• Given a set packing problem on a collection \mathcal{S}, create a graph where for each set S \in \mathcal{S} there is a vertex v_S, and there is an edge between v_S and v_T iff S \cap T \neq \phi. Now every independent set of vertices in the generated graph corresponds to a set packing in \mathcal{S}.
  • Given an independent vertex set problem on a graph G(V,E), create a collection of sets where for each vertex v there is a set S_v containing all edges adjacent to v. Now every set packing in the generated collection corresponds to an independent vertex set in G(V,E).

This is also a bidirectional PTAS reduction, and it shows that the two problems are equally difficult to approximate.

Special cases[edit]

Matching and 3-dimensional matching are special cases of set packing. A maximum-size matching can be found in polynomial time, but finding a largest 3-dimensional matching or a largest independent set is NP-hard.

Other related problems[edit]

Set packing is one among a family of problems related to covering or partitioning the elements of a set. One closely related problem is the set cover problem. Here, we are also given a set S and a list of sets, but the goal is to determine whether we can choose k sets that together contain every element of S. These sets may overlap. The optimization version finds the minimum number of such sets. The maximum set packing need not cover every possible element.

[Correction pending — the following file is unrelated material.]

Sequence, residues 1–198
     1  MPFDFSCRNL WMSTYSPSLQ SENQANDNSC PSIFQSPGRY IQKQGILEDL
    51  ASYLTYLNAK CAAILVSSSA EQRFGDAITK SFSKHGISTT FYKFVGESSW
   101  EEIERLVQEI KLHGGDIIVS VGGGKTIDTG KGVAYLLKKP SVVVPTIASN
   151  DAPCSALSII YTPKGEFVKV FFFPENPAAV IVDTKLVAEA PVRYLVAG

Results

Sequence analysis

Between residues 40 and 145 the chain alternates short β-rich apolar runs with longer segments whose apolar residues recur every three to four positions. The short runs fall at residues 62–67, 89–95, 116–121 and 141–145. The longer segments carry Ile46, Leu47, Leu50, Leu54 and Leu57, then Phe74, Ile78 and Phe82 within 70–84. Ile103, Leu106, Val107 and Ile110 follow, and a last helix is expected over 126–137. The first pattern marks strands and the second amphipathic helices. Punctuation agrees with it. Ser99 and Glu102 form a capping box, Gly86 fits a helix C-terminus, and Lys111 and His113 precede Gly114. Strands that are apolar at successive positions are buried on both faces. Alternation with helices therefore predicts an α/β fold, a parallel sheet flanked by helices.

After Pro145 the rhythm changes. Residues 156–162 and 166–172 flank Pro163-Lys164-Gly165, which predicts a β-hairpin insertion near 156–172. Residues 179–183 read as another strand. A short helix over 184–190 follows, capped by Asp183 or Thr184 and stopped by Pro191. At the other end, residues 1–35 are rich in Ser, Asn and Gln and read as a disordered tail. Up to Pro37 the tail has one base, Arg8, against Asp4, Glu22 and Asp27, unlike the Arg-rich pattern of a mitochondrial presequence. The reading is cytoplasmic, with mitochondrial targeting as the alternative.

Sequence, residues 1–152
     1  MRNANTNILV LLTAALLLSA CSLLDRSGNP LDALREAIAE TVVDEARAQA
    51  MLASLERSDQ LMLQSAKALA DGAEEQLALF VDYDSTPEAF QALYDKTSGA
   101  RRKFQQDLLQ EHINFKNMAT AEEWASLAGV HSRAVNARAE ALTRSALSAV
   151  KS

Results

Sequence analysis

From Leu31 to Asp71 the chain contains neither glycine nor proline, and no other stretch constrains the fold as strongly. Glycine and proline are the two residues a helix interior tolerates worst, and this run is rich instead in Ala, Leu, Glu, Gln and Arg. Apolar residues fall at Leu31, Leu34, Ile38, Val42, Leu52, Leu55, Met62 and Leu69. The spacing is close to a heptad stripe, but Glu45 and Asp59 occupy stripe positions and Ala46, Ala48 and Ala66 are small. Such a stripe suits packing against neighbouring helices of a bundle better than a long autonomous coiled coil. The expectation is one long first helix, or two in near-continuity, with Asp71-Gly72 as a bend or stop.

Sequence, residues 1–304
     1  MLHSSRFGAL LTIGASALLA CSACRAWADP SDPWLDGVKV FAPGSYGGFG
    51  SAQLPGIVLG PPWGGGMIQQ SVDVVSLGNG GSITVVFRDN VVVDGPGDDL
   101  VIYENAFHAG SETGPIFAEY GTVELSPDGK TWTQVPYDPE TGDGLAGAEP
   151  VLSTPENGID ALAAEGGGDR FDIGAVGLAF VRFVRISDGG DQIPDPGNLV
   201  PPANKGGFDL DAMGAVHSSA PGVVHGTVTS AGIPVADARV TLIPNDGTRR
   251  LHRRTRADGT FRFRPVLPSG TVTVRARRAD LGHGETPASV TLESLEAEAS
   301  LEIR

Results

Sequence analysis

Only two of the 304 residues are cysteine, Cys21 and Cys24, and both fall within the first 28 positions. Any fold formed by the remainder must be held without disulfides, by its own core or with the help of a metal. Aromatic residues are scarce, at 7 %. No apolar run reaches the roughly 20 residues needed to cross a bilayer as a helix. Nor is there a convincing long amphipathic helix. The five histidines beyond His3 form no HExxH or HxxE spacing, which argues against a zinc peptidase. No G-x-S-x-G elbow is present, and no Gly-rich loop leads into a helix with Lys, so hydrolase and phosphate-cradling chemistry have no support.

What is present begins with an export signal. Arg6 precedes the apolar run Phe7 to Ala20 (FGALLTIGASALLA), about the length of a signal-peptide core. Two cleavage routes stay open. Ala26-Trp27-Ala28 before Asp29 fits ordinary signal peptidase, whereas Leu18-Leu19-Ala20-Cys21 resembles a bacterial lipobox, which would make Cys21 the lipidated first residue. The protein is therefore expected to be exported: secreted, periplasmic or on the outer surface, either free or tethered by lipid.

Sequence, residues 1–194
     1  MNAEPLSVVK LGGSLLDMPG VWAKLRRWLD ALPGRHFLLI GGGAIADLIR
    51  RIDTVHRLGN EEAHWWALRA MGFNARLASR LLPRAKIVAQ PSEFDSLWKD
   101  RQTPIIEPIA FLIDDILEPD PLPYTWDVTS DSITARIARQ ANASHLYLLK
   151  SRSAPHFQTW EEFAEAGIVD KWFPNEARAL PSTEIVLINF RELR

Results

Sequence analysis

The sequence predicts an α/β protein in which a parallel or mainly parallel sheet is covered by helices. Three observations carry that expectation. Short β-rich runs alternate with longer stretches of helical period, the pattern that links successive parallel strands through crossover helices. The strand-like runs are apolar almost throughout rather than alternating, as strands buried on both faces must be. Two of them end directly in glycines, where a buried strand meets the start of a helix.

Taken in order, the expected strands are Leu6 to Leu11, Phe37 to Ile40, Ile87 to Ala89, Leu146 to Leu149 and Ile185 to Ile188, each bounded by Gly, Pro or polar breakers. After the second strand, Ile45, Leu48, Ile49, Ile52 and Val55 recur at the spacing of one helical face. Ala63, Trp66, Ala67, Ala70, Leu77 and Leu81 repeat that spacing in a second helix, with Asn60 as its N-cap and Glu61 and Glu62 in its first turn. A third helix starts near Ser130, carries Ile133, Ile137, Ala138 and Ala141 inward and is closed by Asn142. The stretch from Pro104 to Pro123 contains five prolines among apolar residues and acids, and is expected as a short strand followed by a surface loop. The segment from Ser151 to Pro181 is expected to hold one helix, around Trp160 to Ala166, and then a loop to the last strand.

The NP-complete exact cover problem, on the other hand, requires every element to be contained in exactly one of the subsets. Finding such an exact cover at all, regardless of size, is an NP-complete problem. However, if we create a singleton set for each element of S and add these to the list, the resulting problem is about as easy as set packing.

Karp originally showed set packing NP-complete via a reduction from the clique problem.

See also: Packing in a hypergraph.

Notes[edit]

References[edit]